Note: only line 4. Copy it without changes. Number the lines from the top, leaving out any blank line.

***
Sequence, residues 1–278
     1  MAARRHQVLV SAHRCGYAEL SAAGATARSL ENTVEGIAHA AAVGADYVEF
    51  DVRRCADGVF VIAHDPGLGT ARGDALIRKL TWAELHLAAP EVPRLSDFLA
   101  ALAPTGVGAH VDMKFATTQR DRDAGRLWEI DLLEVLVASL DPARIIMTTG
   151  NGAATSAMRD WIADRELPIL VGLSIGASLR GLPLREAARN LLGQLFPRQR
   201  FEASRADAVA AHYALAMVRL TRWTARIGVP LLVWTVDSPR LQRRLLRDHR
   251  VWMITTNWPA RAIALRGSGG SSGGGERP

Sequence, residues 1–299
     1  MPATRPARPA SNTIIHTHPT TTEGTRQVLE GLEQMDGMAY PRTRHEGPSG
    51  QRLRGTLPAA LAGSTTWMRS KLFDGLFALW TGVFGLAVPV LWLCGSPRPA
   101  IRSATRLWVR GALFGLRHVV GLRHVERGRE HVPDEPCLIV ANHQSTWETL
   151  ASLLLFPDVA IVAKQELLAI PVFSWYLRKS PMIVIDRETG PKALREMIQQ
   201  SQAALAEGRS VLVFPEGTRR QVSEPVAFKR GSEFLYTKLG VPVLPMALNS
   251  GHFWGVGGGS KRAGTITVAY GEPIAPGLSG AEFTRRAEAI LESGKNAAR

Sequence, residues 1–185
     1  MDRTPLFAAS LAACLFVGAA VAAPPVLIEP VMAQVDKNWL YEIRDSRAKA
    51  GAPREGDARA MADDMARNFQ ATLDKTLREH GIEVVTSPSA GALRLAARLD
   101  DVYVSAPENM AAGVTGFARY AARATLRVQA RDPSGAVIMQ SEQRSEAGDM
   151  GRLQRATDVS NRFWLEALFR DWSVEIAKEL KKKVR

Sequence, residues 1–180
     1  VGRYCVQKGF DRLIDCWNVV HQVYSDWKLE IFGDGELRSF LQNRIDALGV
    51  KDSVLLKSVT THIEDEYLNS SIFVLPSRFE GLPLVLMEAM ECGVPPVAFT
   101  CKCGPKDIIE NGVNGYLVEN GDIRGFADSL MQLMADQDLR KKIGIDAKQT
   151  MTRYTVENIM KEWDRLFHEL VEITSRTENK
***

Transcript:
   101  ALAPTGVGAH VDMKFATTQR DRDAGRLWEI DLLEVLVASL DPARIIMTTG